Running and its impact

For beginners, the most important thing is to start slowly. Don't try to do too much too soon or you'll risk injury.
The NYC Marathon is over, and its participants are headed home to soon once again begin training for next year's run. Running is popular for many reasons, and some of us feel almost addicted to it.

So, whether we aspire to begin a running program, run just a few miles a week, or we want to improve our performance (for the next marathon?), here's running's impact -- on our health, that is.

Running is a weight-bearing exercise that is highly effective for maintaining our bone mass. The stress it places on our bones every time we land, generates a force that is five to six times our body weight. Since our bones are living tissue, they respond to this impact by building more bone cells.

Running, of course, is a moderate to intense aerobic exercise (jogging may be considered moderate, while running is more intense due to its faster speed), which can increase and maintain our cardio-respiratory fitness and health.

And when running enthusiasts mention the "runner's high" they feel, it's because the brain releases "feel good" neurotransmitters (opiate-like chemicals), which is why so many of us feel addicted to it. And we all know how these "feel good" brain chemicals help fight mild depression.

So, what are the disadvantages to running? Unfortunately, running places great stress on our joints and the soft tissues in our body such as our muscles and tendons. This stress is greater if our posture and running form are incorrect. Running is also more stressful to our joints if we don't strength train to strengthen the muscles which support our joints and absorb the impact.

Running, like most things, requires some thought and planning. Also, we should be aware that the very same neurotransmitters that give us the high mood, also block pain signals temporarily, which is why we might continue running through an injury when we shouldn't!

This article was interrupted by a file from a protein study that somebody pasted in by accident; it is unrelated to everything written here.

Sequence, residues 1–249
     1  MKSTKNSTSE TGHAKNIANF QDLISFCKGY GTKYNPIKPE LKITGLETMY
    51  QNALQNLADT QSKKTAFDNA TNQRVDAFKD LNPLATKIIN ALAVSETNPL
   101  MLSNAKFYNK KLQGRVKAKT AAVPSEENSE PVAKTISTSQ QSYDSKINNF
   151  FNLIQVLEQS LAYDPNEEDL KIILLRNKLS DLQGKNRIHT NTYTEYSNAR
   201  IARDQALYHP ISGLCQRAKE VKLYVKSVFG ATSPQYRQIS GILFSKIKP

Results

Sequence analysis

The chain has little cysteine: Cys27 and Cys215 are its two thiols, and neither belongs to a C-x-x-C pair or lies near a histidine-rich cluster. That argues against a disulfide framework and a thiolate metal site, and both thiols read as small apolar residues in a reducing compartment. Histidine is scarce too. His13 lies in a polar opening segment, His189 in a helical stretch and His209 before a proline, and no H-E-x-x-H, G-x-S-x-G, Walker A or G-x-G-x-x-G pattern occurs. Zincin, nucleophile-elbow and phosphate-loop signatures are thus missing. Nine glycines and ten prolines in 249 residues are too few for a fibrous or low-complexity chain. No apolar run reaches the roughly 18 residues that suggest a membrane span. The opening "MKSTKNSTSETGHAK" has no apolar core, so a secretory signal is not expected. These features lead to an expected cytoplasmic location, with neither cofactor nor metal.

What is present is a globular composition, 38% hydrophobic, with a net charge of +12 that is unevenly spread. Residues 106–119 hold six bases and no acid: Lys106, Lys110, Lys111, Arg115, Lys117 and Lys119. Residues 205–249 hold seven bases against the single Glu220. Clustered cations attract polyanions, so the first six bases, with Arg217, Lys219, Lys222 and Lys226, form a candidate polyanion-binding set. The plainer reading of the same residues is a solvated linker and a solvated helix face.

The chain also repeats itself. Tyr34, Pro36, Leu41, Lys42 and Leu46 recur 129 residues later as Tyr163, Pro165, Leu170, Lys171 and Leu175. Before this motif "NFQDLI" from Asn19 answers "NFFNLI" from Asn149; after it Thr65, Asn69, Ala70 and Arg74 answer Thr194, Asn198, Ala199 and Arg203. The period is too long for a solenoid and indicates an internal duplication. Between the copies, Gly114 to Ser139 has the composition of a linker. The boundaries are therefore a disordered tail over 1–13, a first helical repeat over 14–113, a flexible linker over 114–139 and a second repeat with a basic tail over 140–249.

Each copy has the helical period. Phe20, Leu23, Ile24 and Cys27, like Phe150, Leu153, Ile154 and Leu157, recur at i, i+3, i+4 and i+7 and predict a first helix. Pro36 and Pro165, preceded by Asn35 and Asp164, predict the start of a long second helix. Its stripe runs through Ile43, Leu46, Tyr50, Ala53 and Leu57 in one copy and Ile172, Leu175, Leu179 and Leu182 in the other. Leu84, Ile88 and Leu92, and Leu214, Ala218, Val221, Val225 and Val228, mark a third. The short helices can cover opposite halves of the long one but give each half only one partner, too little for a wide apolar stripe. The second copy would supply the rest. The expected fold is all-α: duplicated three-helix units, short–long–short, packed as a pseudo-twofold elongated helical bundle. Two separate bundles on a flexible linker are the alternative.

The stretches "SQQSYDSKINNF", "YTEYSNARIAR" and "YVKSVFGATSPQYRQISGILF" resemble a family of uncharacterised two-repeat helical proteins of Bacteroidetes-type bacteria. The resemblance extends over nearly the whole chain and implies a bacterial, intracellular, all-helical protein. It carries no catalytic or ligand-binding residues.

So, here are a few tips to keep in mind if we're running year round, marathon or not.

Cross-Train
Let's add some cross training to our routine such as cycling, swimming and fast walking. Many of our injuries are a result of repetitive stress. Let's give our body a rest from the hard impact, and train our muscles in different ways. Training for a race? Try race-walking. A study done on Olympic athletes showed race-walking (technically racewalking begins at 6 mph) to be an effective training method that can enhance running ability.

And let's not forget about strength training for our upper body to help improve our posture, a vital component to getting those deep breaths!

Start slowly
This tip is for us beginners and experienced runners when we change any variable such as our running surface, shoes, geography (uphill vs. flat) and so on. Why? One client who had been used to running on a flat surface, ran five miles mostly uphill and created a chronic tendonitis in her shins!

Vary our routine
Let's challenge ourselves by doing interval training (changing speed for instance). Our bodies adapt to the same training methods, so if we want to increase our fitness level, let's add some variety to our routine. This can also be good for those like myself who cannot run for more than a few minutes (I had knee surgery years ago).

Now during my fast walk, once per week I add in a few fast 20-second sprints, and I've increased my fitness level and renewed my interest with a new challenge. I have also added a little more impact on my bones.

Wear the right shoes
This is important for all our activities. For example, fast walking is more difficult to do in running shoes due to heel thickness and walking shoes don't have enough support for the impact of running, while running shoes don't offer enough lateral support for weight training. Some of us need more support due to our body biomechanics, so let's buy shoes for function, not style.

Heed the signals
Let's heed the signals of our body. Are we tired, in pain or coming down with a cold? Let's remember that rest is an important part of a training program.

So, let's make our running and exercise program as safe as possible and keep it enjoyable. I also like to suggest that we seek the advice of our doctor before we start anything new or if we're in pain. Happy Running!


June is a lifestyle columnist at HealthNewsDigest.com. For more information about June, visit www.junefit.com.

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